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sts.components.contact.mr.placeholder Sebastian Webel
Mr. Sebastian Webel

Editor-in-Chief

Tel: +49 (89) 636-32221

Fax: +49 89 636-35292

Werner-von-Siemens-Straße 1
80333 Munich

Pictures of the Future
The Magazine for Research and Innovation
 

The Future of Mobility

Rethinking How Cities Work

Many rural areas could this transition from cars to bicycles that assist a rider’s pedaling with an electric motor – so-called will initially take the form of pedelecs.

The vision of the car-friendly city has lost its charm. Today, mobility in congested urban areas means smart connectivity – not only for private cars but also for the booming commercial transport sector.

By 2050, 70 percent of the people on earth will live in cities. And if current trends continue, those people are likely to face even more crowded conditions, polluted air, and overburdened infrastructures than we do today. Urbanization statistics warn us that the quality of life in many cities will be decided by the degree to which major cities can implement intelligent, sustainable transport solutions.

The good news from the World Health Organization (WHO) is that cities can significantly improve their air quality through local measures, including efficient state-of-the-art solutions for creating smart infrastructure as well as simple and quickly implemented measures such as traffic regulations and attractive offers for pedestrians and cyclists.

In fact, the use of private cars is decreasing in many big cities and people are traveling greater distances on foot, on bicycles and  via local public transportation. Yesterday’s vision of the car-friendly city is increasingly becoming obsolete.

The StreetScooter is an electric delivery van, developed in-house and produced by Deutsche Post.

CO2-neutral Amazon Deliveries?

London is a great example of the fact that less car traffic means better air quality. Ten years ago, it introduced a congestion charge for vehicles driving within the city center. This payment system is managed with the help of sophisticated Siemens technology. The result has been a 20 percent reduction in traffic, two thirds less congestion, and 150,000 tons less CO2 emissions per year.

A major roadblock, however, is commercial transport, especially by means of diesel-fueled vehicles, which is still increasing. Much of this increase is due to the delivery of packages ordered through the ever-growing online trade – and this increase cuts right across congestion charging zones. Here too, climate-neutral solutions are on the horizon – for example through the use of electric commercial vehicles such as the StreetScooter, which was developed by Deutsche Post.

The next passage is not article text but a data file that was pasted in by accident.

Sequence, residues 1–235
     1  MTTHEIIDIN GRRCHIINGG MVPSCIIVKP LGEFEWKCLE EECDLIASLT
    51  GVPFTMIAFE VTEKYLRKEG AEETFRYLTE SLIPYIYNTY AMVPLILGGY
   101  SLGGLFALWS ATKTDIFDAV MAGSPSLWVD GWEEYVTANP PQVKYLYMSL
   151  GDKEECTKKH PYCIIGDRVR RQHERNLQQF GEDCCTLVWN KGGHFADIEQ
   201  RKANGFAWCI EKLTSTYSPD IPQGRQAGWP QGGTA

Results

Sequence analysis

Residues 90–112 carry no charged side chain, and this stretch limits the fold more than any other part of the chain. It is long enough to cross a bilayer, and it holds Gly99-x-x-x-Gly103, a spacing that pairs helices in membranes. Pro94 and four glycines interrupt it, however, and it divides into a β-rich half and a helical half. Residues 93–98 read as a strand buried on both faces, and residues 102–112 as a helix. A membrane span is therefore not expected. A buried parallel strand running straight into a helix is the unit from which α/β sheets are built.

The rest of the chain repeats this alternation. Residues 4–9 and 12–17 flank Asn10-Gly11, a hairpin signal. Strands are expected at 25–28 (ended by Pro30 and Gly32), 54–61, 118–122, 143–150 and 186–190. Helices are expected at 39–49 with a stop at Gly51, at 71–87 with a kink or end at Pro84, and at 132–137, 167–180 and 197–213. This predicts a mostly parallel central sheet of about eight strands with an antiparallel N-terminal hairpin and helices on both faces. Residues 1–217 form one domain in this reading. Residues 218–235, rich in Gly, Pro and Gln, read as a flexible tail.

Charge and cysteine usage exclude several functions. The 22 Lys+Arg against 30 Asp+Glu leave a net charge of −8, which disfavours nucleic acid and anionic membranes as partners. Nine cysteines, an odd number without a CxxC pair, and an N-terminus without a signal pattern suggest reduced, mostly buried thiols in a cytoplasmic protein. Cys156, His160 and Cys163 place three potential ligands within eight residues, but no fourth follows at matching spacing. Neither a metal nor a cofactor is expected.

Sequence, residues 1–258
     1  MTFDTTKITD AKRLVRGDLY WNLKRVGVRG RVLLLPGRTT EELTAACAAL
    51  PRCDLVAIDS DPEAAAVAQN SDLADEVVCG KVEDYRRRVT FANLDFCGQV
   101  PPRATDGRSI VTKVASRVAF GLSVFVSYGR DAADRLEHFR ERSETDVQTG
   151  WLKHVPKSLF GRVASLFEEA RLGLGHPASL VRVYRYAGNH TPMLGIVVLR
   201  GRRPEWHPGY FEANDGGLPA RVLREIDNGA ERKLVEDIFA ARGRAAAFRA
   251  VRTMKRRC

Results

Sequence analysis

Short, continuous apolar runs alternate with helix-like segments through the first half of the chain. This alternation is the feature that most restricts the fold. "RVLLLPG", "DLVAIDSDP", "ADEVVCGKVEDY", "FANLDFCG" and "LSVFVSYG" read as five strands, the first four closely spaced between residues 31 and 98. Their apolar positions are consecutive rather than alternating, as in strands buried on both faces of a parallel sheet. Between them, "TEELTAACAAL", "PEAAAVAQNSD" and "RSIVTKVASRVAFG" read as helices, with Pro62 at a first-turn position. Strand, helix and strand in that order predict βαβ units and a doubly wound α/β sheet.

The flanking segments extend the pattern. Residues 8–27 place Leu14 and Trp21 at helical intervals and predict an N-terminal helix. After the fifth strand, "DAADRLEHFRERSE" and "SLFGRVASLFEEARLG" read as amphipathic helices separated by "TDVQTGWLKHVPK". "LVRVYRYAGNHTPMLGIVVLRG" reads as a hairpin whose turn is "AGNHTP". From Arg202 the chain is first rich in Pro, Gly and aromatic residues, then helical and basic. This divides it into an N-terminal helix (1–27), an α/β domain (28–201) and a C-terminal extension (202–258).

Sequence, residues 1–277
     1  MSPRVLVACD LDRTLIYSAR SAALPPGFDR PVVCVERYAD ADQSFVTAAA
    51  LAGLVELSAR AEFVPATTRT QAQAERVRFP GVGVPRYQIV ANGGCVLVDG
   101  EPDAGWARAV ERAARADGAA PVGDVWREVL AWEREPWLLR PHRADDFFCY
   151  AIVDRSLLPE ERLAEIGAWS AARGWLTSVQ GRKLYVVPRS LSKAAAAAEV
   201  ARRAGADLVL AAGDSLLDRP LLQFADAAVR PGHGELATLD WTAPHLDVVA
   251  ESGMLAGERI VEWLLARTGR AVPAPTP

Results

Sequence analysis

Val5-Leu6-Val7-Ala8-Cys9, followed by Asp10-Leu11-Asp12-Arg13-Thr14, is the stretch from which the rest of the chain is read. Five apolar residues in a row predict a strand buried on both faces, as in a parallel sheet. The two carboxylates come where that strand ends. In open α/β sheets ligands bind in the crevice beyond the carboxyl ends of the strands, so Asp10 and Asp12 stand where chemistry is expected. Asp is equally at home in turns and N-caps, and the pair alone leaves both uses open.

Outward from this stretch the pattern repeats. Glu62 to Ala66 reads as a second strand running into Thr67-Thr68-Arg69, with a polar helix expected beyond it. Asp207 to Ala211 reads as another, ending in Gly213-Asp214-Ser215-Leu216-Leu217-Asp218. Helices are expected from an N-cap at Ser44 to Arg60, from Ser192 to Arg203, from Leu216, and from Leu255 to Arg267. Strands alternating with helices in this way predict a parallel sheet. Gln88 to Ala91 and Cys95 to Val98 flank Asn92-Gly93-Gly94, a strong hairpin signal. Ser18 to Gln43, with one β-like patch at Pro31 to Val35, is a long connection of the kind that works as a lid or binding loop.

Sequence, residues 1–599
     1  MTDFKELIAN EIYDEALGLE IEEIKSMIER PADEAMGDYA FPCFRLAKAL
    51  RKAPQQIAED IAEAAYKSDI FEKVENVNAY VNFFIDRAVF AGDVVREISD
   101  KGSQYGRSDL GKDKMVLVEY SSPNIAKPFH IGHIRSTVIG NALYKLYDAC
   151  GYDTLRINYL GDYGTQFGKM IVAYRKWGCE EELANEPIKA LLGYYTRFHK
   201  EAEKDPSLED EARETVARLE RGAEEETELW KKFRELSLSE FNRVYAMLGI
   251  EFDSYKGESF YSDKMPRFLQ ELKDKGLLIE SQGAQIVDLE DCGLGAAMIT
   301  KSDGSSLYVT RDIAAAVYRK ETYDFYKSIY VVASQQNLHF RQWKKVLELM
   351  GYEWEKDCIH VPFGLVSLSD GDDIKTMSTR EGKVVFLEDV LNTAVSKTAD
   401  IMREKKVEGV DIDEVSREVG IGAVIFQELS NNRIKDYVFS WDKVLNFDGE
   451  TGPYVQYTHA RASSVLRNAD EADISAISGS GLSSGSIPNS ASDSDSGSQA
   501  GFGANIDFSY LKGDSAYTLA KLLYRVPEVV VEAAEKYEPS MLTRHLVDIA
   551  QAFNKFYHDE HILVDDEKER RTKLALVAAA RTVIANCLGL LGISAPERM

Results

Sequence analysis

Solutions against gridlocks: Riyadh is now planning the world's biggest subway project, which will be 175 kilometers long.

Investing in Public Transit

Clearly, simply banning cars is not an effective solution. Instead, cities must offer alternatives – not only for road traffic, but also for rail transportation. The city of Riyadh in Saudi Arabia is a good example of the tremendous efforts that are being made in this area. Riyadh, which has five million inhabitants and is still rapidly growing, is now planning the world's biggest subway project, which will be 175 kilometers long. The system’s rail cars will come from Siemens, which has already built driverless subway trains for the city.

Riyadh is still rapidly growing and planning the world's biggest subway project. The system’s rail cars will come from Siemens.

Green Light for Bicycles

Of course, subways don’t deliver passengers to their front doors. So what’s needed is integrated mobility that creates dense transport networks – a seamless combination of transportation modalities. Bicycles are becoming increasingly significant in this mix, in part because the success of electric bikes has enabled many city dwellers to move quickly, safely and inexpensively from door to door. The switch to bikes could be encouraged by offering solutions such as the SiBike smartphone app from Siemens, which enables cyclists to take advantage of phased traffic lights. When a cyclist approaches an intersection, the app communicates with the traffic light, which automatically switches to green.

The SiBike smartphone app from Siemens enables cyclists to take advantage of phased traffic lights.

Infrastructure projects of this kind make it possible to reduce urban traffic quickly and at minimal expense. Meanwhile, the real revolution – the advent of digital systems throughout transportation ecosystems – is proceeding invisibly. This process is the prerequisite for providing urban planners and local authorities with the information they need in order to make sustainable decisions. Such information may eventually become so granular that cities may one day be able to autonomously make themselves more efficient.

Digital Infrastructures

A model project of this kind is now running in Singapore. In pursuit of its goal to become a “smart nation,” the city-state is introducing an operating system from Siemens called MindSphere – essentially a gigantic toolbox for improving the performance of urban infrastructures ranging from energy supply systems to healthcare services and transportation. All of this may sound futuristic, but in fact the city of tomorrow will probably not look very different from today’s cities. That’s the opinion of Carlo Ratti, a professor in the Urban Studies and Planning department of MIT in Cambridge, Massachusetts. He points out that the primary difference will be in  the use of digital technologies, which will turnour cities into “open-air computers.” Such cities will connect transportation systems into smart networks, thus boosting sustainability and improving the quality of life.

Bernd Müller
Picture credits: from top: gettyimages, Imago, gettyimages